Join Date: Aug 2009
Location: New South Wales, Australia
Ask lots of questions. That's usually the only way to find out what they are like.
Don't give too much of a spiel about what you want (ie. "I want someone who will rug my horse, have her hooves done every six weeks and not over jump her, do you think that sounds like you?") because then they may very well give you the answers you want to hear.
This is easier if they have other horses, as you can ask about them, you can just start casually and go into more detail. Like, oh does your horse need much feed, what do you feed him? Oh you do heaps of trails on him, does he need his feet done often? Ask about previous horses they've had, where they keep them, if they compete etc. If they're local buyers chances are if you talk enough you'll find a mutual friend, a trainer you both know etc. I'm always a little suspect of people who don't know anyone I know in a horsey area.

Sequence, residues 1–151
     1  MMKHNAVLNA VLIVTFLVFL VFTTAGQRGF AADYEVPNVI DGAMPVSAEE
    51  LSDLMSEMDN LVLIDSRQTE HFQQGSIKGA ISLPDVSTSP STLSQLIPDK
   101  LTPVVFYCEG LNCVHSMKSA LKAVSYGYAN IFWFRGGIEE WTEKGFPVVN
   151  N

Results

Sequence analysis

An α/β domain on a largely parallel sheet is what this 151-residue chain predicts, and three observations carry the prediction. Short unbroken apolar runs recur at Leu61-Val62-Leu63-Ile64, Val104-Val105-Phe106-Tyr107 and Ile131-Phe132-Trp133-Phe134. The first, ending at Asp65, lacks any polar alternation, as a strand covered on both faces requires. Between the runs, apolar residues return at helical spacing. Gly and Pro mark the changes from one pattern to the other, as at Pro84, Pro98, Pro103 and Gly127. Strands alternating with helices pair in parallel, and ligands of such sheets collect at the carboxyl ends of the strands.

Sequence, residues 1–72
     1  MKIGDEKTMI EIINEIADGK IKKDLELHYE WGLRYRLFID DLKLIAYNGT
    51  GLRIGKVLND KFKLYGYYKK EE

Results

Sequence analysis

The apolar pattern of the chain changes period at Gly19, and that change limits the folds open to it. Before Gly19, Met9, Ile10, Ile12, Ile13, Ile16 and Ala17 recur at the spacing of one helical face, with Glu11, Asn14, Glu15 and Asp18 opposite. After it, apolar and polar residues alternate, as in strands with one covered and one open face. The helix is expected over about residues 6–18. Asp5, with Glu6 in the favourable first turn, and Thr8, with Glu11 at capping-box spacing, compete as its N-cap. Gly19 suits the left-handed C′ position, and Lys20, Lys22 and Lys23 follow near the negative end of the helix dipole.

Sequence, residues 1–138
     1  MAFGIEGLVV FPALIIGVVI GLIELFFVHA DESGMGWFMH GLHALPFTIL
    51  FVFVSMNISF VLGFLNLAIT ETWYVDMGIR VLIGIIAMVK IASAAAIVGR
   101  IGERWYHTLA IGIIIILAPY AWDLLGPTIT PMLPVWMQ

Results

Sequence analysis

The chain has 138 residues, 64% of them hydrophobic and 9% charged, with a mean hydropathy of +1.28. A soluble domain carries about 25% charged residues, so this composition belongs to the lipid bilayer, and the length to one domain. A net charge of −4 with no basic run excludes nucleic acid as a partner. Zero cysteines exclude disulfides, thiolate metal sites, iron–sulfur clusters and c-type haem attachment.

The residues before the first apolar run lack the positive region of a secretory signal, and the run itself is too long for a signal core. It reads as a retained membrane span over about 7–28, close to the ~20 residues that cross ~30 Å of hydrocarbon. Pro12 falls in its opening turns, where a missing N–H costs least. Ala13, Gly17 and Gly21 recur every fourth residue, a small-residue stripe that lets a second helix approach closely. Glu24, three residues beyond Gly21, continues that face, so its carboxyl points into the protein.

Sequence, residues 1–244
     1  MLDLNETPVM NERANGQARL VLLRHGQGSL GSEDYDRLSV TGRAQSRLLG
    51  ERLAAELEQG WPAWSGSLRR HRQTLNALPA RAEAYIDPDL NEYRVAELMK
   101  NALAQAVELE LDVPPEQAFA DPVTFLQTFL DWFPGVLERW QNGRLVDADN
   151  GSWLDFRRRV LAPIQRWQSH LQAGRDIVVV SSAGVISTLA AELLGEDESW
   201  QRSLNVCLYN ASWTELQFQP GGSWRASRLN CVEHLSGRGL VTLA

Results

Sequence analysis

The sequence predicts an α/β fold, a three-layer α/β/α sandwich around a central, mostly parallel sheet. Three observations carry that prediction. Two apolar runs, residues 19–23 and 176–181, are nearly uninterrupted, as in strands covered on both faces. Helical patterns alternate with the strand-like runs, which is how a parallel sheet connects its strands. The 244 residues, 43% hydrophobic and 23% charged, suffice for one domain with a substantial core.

Watch them ride, encourage them to come more than once and really think over it.
I had an OTTB I was selling and I had someone come out and we agreed to a price. No money was exchanged as they were coming to next day. But I thought about it after they left, about their situation, their abilities and the help they had and I decided that they weren't the right home. I called them and I told them that I had thought about it, and their agistment situation (kept alone) really didn't sound like the type that would suit this horse. I told them how she needed more training, and as they hadn't ridden in a long time simply a friend couldn't help, but she would probably need to be sent away for training. After I shared my concerns we agreed that she wasn't the right horse for them.
So don't rush into things. Don't let people pressure you.